actsheet Water in the American South West Number 254 Fig. 2 Annual precipitation and physical geography.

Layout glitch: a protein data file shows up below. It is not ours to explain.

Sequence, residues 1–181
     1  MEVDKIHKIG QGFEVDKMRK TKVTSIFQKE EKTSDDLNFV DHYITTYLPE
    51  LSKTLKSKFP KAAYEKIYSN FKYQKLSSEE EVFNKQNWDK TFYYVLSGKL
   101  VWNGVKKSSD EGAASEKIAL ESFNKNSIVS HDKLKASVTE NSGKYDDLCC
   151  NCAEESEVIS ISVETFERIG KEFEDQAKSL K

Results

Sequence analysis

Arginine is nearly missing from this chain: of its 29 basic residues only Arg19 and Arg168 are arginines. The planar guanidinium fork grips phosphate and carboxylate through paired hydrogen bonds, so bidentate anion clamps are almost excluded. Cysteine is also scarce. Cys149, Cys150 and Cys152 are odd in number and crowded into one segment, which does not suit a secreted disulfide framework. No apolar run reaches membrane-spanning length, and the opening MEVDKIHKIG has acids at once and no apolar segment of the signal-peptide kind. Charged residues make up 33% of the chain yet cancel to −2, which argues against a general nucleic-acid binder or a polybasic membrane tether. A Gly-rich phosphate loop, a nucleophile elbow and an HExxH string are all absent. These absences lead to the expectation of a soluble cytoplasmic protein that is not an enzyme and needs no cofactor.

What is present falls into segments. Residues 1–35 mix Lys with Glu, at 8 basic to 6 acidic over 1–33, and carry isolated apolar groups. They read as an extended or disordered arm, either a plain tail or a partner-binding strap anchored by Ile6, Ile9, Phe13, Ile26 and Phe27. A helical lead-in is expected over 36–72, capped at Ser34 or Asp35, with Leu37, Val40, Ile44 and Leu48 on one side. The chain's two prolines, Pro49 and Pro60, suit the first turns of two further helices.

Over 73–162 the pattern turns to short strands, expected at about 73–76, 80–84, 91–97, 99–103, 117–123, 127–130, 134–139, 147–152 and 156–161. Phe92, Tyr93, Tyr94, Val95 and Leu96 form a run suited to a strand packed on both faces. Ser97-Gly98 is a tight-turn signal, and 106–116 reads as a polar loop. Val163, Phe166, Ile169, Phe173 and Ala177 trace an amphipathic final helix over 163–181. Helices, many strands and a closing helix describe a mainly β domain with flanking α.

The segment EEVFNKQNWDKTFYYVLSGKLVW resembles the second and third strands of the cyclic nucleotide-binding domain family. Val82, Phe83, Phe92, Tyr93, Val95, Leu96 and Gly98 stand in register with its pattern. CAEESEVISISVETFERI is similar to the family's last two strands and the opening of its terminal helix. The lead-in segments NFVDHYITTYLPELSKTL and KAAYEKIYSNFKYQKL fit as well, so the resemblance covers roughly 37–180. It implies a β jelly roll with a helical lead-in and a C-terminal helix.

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1 G eo F actsheet Introduction South West USA Fours States make up the south western part of the USA (Fig. 1). The four states had a combined GDP of $2,300 billion in the world s 7 th largest economy. Their population of 48.5 million people is heavily concentrated along a coastal strip between San Francisco and in. Further inland, population densities are very low except in major urban centres such as Las Vegas, Salt and Phoenix. In % of Nevada s population lived in the metropolitan area of Las Vegas and 65% of Arizona s in metropolitan Phoenix. Fig. 1 The South West USA. OREGON Physical geography Fig. 2 shows annual precipitation levels in the region. In general, levels are typically below 750m. Extensive desert areas average below 250mm per year. Upland and mountainous areas, such as the Sierra Nevada and Coastal Ranges, (see topographic cross section A-B) receive orographic precipitation. East of the Sierra Nevada mountains is the vast Great Basin. This region, really a high desert plateau bounded by the Sierra Nevada to the west and Rocky Mountains to the east, is isolated desert and semi-desert broken only by occasional minor mountain ranges. Rain bearing weather systems moving in from the Pacific tend to rain themselves out crossing the Sierra Nevada leaving regions to the east parched. The aridity of the region has long attracted people who believed a large scale technological fix could turn the deserts green. Case Study 1 examines the consequences of the Development Company s attempt to irrigate Imperial. 1 Fig. 2 Annual precipitation and physical geography. A problem area The south west USA has a looming water crisis, there is even a n website dedicated to it ( The region s water supply is best stated as low and uncertain. This crisis results from the collision of human and physical factors, which taken together may well ensure an uncomfortable water future for the region (see Table 1). Table 1 Factors behind the water crisis. Number 254 Water in the American South West S acramento R. San Francisco Sacramento San Jo a quin R. Los Angeles +1250mm mm mm Under 250mm 400km Fresno Bakersfield NEVADA Las Vegas CALIFORNIA R. Mead Colorad o IDAHO Salt Powell Phoenix UTAH ARIZONA MEXICO N Wy. NM. A San Francisco Los Angeles +1250mm mm mm Under 250mm Central Coastal Pacific Ranges Ocean A Human factors increasing demand Increasing domestic and industrial water footprints Expansion of irrigated cropland Rapid urbanisation in the desert sunbelt e.g. Phoenix & Las Vegas Projected future population growth Las Vegas Phoenix Sierra Nevada Salt B Death Colorado Colorado River Mojave Plateau Desert Human factors reducing supply Over-abstraction from aquifers Pollution, making some water sources unusable Legal action reducing water transfers (see Case Study 3) Ageing, leaking, water supply infrastructure Physical factors reducing supply Prolonged droughts, such as and ; possibly more frequent / severe in the future. Worsening climate change, leading to less and / or more irregular precipitation Reduction of Sierra Nevada snowpack, reducing spring meltwater B